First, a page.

Scope Diagram Astrocamera.Net - Astrophotography by Dave Kodama  

Perseid Meteor Shower 2013

Photographing the Perseid meteor shower this year was a routine effort this year compared to the adventure we had in 2012 with lightning, hail, and flash flooding. This time we had perfectly clear skies all night, mild temperatures, and just a faint trace of a breeze. I shot another all-night, wide-angle time-lapse movie (to be posted later), but there were no exceptional fireballs or bursts of activity to report.

Despite what seemed to be routine activity for the Perseid shower, I did manage to capture 3 Perseid meteors in a single (not-composited) 30 second frame. And equally amazing was the fact that no airplanes were caught in the photo! For a large all-night composite view, click on the image below:

Technical details: Nikon D700 / ISO 3200 / Lens: Sigma 15mm @ f/2.8 / 30 sec. exposures / stationary tripod

It's too bad that this burst of activity didn't persist all night. That would have made a spectacular meteor shower!

One thing I wanted to do different this year was to additionally shoot directly at the radiant with a relatively narrow-angle lens. I used an old (film era) Nikon 105mm Micro Nikkor f/2.8 lens on a Nikon D600 full-frame camera for this. Disappointingly, I managed to capture only 5 possible meteors, 4 of which were definitely Perseids. These were combined into a composite photo:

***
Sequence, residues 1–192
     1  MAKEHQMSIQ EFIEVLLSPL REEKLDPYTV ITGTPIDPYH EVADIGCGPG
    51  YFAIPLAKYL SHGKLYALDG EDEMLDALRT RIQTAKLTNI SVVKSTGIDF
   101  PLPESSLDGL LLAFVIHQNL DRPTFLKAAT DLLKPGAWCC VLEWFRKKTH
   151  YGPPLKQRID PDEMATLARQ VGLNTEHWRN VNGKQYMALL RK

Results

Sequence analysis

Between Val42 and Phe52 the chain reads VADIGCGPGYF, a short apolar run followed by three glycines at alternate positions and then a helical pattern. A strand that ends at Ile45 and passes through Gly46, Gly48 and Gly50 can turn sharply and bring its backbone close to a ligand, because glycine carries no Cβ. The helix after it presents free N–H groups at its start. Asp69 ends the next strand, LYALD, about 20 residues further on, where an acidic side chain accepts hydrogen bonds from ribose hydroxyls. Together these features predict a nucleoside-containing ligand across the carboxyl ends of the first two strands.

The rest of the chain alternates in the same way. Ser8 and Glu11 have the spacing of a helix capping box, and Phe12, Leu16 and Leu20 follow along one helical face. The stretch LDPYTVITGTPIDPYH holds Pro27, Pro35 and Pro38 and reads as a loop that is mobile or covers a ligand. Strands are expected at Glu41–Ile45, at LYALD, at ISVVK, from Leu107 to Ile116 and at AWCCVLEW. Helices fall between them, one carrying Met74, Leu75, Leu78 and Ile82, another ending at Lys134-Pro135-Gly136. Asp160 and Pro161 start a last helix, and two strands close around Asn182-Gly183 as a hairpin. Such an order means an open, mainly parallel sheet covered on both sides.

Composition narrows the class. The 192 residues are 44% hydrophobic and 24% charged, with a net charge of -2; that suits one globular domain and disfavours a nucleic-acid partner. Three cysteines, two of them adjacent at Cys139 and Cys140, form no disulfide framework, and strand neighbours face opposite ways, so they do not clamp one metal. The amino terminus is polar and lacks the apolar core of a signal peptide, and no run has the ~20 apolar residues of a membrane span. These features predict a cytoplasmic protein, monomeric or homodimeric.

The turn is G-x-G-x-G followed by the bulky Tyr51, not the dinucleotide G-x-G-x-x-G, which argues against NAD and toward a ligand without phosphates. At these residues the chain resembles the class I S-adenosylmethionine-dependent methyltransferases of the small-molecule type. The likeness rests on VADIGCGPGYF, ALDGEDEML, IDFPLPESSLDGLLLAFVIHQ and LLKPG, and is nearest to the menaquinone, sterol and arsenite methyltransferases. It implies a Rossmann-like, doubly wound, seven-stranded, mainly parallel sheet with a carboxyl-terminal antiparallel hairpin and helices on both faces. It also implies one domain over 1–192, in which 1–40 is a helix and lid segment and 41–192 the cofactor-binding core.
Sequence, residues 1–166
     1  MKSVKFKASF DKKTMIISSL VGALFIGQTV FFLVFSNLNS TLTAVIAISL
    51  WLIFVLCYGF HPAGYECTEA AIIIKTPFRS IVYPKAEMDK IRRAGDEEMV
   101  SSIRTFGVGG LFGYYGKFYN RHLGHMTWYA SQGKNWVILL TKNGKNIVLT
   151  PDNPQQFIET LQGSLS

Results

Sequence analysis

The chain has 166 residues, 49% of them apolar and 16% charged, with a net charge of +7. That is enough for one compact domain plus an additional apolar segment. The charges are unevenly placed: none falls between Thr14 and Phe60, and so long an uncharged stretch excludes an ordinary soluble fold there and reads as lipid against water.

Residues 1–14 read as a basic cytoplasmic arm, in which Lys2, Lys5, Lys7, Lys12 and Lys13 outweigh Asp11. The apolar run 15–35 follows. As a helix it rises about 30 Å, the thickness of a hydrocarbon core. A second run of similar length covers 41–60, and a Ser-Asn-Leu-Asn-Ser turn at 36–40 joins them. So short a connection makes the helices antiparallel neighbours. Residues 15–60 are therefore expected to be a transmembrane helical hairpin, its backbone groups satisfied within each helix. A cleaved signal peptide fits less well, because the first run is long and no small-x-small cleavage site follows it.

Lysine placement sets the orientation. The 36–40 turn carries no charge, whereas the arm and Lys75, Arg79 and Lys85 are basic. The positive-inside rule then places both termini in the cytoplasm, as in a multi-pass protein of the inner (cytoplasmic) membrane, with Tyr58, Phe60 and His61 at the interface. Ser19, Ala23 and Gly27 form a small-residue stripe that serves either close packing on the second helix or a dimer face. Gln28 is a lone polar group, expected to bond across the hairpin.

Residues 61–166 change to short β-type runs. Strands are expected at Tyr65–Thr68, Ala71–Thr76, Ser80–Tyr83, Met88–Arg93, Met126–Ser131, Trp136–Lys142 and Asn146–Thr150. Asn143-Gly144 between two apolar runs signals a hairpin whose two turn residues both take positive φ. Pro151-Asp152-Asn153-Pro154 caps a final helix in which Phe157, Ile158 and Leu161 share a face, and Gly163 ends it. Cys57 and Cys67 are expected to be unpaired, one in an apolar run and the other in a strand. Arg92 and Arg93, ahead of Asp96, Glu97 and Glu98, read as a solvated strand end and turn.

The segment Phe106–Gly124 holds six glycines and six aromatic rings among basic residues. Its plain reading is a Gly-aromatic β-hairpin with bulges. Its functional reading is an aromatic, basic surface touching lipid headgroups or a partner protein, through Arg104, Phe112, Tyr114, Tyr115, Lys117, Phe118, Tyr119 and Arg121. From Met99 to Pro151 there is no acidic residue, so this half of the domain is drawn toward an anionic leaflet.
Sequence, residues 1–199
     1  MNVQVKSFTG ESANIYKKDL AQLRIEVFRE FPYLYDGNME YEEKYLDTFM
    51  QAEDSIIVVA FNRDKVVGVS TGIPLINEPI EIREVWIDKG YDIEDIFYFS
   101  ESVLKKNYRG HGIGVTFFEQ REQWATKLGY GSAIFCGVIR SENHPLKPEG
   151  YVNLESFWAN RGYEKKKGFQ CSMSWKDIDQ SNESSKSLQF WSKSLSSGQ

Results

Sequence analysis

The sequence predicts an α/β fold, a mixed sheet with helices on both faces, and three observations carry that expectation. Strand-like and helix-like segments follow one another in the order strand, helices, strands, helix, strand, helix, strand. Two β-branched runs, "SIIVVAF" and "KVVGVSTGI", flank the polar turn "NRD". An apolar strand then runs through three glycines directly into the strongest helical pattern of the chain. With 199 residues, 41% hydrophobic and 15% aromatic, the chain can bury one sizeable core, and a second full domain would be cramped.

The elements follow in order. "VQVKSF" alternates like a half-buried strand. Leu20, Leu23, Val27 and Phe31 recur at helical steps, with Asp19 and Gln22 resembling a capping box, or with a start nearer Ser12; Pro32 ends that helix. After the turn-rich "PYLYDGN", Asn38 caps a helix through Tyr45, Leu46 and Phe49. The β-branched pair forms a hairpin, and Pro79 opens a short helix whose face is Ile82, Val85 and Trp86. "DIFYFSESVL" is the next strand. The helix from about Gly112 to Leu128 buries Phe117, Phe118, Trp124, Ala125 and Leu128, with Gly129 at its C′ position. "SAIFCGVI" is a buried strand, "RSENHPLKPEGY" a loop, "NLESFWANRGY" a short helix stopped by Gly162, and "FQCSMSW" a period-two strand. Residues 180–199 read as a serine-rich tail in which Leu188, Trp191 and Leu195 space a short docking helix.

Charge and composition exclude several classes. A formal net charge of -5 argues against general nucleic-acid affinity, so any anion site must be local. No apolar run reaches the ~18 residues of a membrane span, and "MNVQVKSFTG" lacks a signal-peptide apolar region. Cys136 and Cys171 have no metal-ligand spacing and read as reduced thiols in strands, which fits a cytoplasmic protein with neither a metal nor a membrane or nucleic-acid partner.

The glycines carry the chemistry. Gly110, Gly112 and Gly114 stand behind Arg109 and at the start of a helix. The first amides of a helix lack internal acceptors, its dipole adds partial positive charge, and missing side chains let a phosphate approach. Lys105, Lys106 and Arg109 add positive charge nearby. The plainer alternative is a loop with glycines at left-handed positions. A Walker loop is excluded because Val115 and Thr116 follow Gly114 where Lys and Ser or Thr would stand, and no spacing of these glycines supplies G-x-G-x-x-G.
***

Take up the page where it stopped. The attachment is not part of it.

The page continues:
Technical details: Nikon D600 / ISO 1600 / Lens: Nikon 105mm @ f/2.8 / 20 sec. exposures / Tracking mount: Losmandy G11

The star cluster in the upper part of the frame is called the Double Cluster, consisting of NGC869 and NGC884.

I've added lines from the meteor tracks to trace backwards from 4 of the 5 meteors to the Perseid shower radiant. The area of intersection for the lines corresponds reasonably well with coordinates I found online for the Perseid radiant - RA 3h 04m, Dec. +58°, though, I'm not sure of the original source of these coordinates. The 4 meteors were photographed at 12:08, 2:18, 2:45, and 3:32am.

The fifth meteor may have been a sporadic meteor (not associated with the Perseids) or possibly just a sun glint off a satellite since it doesn't have any color to it.